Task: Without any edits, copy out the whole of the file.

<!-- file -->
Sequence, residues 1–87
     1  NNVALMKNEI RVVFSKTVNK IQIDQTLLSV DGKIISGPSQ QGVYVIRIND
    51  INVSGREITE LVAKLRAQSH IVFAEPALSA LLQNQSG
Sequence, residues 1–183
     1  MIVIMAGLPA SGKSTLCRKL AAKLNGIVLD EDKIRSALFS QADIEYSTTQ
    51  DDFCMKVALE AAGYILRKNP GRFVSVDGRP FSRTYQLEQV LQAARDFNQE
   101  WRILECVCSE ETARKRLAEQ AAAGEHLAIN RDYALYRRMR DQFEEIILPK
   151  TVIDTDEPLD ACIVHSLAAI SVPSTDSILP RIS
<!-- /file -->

Sequence, residues 1–87
     1  NNVALMKNEI RVVFSKTVNK IQIDQTLLSV DGKIISGPSQ QGVYVIRIND
    51  INVSGREITE LVAKLRAQSH IVFAEPALSA LLQNQSG
Sequence, residues 1–183
     1  MIVIMAGLPA SGKSTLCRKL AAKLNGIVLD EDKIRSALFS QADIEYSTTQ
    51  DDFCMKVALE AAGYILRKNP GRFVSVDGRP FSRTYQLEQV LQAARDFNQE
   101  WRILECVCSE ETARKRLAEQ AAAGEHLAIN RDYALYRRMR DQFEEIILPK
   151  TVIDTDEPLD ACIVHSLAAI SVPSTDSILP RIS